Arcobacter Risk in the Food Industry Explored
The MikroIker team of the UPV/EHU's Department of Immunology, Microbiology and Parasitology has conducted a study into the prevalence and characterisation of bacteria of the Arcobacter genus using a large number of samples of different foods (seafood, vegetables, meat products and fresh cheese), including some that have never been analysed in our environment previously. In addition, they have studied the ability of these bacteria to adhere to various surfaces frequently found in food processing environments.
The increase in the discovery of Arcobacter in food samples of all types raises public health concerns, as very little is known as yet about the pathogenic potential of Arcobacter species, and the few studies that have been carried out show a large number of host species and transmission routes.
Several species of the Arcobacter genus are regarded as emerging food pathogens and may cause gastrointestinal disorders. In order to find out the risk associated with the presence of this bacterium in food, “the aim of this work is, firstly, to establish the presence of this pathogen in a wide range of products that have never been studied before; secondly, to evaluate the genetic diversity and the presence of virulence genes; and finally, to observe the ability of these pathogens to remain attached to a surface, such as glass, plastic or steel, which are commonly found in food processing materials and environments," said Irati Martinez-Malaxetxebarria, a researcher in the Department of Immunology, Microbiology and Parasitology of the UPV/EHU's Faculty of Pharmacy.
A total of 220 samples were analysed from three major food groups: farm animals, marine animals and vegetables. “Arcobacter were detected in 22.3 % of the samples analysed and the most abundant species in all of them was A. butzleri, the one most often associated with human disorders, although other species also appeared,” said the UPV/EHU researcher. “We saw that all the species had genes associated with virulent capacities, in other words, genes that could give the bacteria the capacity to cause infections and disorders in humans,” explained Irati Martinez.
Furthermore, “we observed that baby squid are a major source of Arcobacter, so eating these products raw could be a significant source of infection for humans. We also detected some cases in a piece of fresh cheese, probably associated with cross-contamination, because it was a product purchased as a cold cut”, added the author of the paper. “In the vegetables analysed (lettuce, spinach, carrots, Swiss chard, etc.),” Martinez Malaxetxebarria went on, “the bacteria appeared in all types except in Swiss chard. Interestingly, all the lettuces and Swiss chard that tested positive were pre-packed. That makes you think a bit, because often when we buy processed foods we don't pay attention to their degree of cleanliness. We also detected a species in carrots that had never been characterised before and which also possesses virulence genes”.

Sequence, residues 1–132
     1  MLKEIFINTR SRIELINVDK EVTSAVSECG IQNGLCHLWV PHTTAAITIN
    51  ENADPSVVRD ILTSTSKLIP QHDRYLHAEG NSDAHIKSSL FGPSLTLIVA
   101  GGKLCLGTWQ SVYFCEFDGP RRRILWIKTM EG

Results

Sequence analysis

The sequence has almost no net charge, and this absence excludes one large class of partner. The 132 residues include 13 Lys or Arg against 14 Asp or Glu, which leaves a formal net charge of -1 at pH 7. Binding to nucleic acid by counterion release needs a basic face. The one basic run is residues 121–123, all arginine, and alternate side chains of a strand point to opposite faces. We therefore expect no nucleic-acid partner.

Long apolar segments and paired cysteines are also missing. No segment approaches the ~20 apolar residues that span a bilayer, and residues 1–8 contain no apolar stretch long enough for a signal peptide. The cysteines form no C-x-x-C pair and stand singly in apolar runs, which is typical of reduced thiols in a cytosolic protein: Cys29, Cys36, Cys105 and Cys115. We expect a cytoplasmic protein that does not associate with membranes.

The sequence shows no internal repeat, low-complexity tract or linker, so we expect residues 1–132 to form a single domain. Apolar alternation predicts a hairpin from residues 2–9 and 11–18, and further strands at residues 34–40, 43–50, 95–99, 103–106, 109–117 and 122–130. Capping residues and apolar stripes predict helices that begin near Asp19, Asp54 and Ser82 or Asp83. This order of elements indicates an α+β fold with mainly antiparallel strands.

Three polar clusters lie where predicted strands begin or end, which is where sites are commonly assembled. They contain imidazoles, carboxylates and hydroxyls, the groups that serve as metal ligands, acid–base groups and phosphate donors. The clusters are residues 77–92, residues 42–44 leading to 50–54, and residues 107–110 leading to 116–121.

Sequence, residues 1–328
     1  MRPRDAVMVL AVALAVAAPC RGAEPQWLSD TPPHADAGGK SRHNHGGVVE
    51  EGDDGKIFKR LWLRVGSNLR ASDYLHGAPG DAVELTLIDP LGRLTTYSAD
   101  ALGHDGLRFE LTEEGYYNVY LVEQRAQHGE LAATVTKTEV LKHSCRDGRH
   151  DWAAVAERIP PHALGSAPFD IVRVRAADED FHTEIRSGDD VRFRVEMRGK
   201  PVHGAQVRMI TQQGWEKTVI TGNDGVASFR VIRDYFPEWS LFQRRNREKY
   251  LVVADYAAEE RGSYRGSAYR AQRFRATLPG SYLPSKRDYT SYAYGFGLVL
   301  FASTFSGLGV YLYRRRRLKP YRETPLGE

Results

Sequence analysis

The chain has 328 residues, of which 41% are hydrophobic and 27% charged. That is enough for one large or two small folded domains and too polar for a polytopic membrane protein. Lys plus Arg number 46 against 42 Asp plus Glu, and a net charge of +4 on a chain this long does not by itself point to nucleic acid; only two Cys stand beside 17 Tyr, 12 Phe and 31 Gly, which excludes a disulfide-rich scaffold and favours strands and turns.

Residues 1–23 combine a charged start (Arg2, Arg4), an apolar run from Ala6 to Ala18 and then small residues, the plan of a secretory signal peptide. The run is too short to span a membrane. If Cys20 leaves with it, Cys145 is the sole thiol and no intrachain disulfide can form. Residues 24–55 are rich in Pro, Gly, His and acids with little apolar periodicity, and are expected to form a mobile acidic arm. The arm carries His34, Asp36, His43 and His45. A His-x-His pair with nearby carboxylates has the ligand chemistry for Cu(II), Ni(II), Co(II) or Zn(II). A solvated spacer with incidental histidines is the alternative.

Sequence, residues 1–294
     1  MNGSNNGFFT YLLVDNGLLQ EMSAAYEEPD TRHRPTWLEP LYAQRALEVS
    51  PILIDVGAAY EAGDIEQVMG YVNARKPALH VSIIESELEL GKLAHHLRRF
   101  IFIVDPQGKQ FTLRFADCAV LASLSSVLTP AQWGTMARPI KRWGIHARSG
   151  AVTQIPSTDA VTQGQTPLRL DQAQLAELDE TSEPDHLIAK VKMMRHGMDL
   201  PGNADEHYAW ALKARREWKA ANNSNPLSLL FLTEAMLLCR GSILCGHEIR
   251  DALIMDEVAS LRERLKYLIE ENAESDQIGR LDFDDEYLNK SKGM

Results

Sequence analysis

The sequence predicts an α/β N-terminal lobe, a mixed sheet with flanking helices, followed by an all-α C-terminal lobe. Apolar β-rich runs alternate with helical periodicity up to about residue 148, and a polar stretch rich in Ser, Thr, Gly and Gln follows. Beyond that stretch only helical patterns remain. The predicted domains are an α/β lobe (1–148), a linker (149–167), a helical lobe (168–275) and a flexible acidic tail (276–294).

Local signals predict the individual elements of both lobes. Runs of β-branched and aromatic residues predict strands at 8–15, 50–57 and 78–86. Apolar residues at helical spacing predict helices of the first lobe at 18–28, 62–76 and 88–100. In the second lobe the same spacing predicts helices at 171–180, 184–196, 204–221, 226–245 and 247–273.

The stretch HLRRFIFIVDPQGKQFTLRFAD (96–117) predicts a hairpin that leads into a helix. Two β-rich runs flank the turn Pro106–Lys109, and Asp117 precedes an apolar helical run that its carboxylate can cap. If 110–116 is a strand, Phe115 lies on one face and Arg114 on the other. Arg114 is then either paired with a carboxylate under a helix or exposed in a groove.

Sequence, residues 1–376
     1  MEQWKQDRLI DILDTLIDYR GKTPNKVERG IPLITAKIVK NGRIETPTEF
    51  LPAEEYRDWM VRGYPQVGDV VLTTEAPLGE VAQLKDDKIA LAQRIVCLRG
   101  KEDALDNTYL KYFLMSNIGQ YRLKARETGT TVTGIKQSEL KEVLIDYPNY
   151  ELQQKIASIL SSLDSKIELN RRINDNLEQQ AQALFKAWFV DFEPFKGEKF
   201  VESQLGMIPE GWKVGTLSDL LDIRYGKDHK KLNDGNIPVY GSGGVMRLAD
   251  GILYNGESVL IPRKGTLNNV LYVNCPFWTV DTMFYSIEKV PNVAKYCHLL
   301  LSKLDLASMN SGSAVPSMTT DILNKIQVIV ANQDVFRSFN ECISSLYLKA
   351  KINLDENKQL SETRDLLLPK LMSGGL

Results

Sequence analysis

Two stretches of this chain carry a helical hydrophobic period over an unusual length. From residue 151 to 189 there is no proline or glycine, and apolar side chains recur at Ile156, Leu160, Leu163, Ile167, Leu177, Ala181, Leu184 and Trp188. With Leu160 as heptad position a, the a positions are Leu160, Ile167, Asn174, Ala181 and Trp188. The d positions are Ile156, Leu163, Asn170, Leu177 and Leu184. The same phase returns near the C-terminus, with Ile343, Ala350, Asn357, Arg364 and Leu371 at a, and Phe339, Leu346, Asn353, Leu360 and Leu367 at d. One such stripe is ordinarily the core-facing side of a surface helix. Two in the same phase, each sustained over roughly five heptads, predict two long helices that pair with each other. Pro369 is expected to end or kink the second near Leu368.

Furthermore, “the results confirm the formation of biofilms caused by foodborne Arcobacter bacteria on different food contact surfaces. Under the conditions in which we carried out our tests, we observed that glass surfaces encourage the survival and growth of the bacteria”, said the UPV/EHU researcher.
According to Irati Martinez, “this is the first time that the presence of Arcobacter species in fresh Burgos cheese and carrots has been reported. We also noted seafood, especially squid, as a significant source of adherent Arcobacter”. “These findings should be taken into consideration for their possible food safety implications, as Burgos cheese is a ready-to-eat product, and carrots and seafood are often consumed only lightly cooked or raw,” added the UPV/EHU researcher.
Reference: Martinez-Malaxetxebarria I, Girbau C, Salazar-Sánchez A, et al. Genetic characterization and biofilm formation of potentially pathogenic foodborne Arcobacter isolates. Int J Food Microbiol. 2022;373:109712. doi:10.1016/j.ijfoodmicro.2022.109712
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